Common Herbs and Spices

Common Herbs and Spices

Anise, otherwise known as aniseed, is a mild, sweet-tasting spice, with a flavour comparable to liquorice. Anise is perfect for cakes, fruit pies, chutneys or relish, and adds an interesting twist when the seeds are sprinkled over fruit salads.

Allspice is a pungent spice with notes of cloves, nutmeg and cinnamon. Allspice can be used in both sweet and savoury use, and is traditionally used in Jamaican jerk seasoning. It can also be used in cakes, sweet pies and cookies, and in addition to this, you can add it to your pepper grinder to give a unique seasoning.

Basil is a pungent, slightly sweet, pepper-tasting herb comparable to oregano and thyme. The herb is used in traditional Italian and Thai cooking. Basil compliments tomato but can also be used to add sweet, minty notes to meats like chicken, lamb or fish.

Bay leaves have a sharp, rather bitter taste, and are quite pungent. Traditionally used in American cooking for soups, stews and meats, these leaves can also be used in spaghetti or pasta sauces, and also be placed on meats whole to be cooked. Ensure you remove the bay leaves before eating the food however, as they can taste bitter and be difficult to chew.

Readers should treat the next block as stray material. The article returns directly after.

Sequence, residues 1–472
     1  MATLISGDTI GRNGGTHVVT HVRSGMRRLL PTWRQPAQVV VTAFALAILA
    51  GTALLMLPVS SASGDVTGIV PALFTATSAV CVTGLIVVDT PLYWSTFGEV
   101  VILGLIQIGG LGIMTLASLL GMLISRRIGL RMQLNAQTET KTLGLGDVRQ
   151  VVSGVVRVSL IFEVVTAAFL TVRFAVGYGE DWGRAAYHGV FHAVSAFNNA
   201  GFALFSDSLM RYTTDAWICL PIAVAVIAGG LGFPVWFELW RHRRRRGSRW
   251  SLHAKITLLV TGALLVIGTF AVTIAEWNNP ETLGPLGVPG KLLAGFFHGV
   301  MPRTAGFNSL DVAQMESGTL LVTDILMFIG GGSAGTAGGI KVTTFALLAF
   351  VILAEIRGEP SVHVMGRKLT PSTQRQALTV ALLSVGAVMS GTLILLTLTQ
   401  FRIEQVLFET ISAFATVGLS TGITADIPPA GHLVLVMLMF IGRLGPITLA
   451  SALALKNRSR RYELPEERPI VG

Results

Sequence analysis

Caraway seeds have a sweet, slightly tangy taste and a pungent aroma. Indigenous to Asia and parts of Europe, caraway seeds are thought to be the oldest used seasoning in Europe, with writings from the 17th century stating that they were used on cakes, breads and with fruits. Caraway seeds mix well with garlic and bring out the taste of sauerkraut nicely. Caraway seeds can also be toasted and sprinkled lightly over cheese dishes.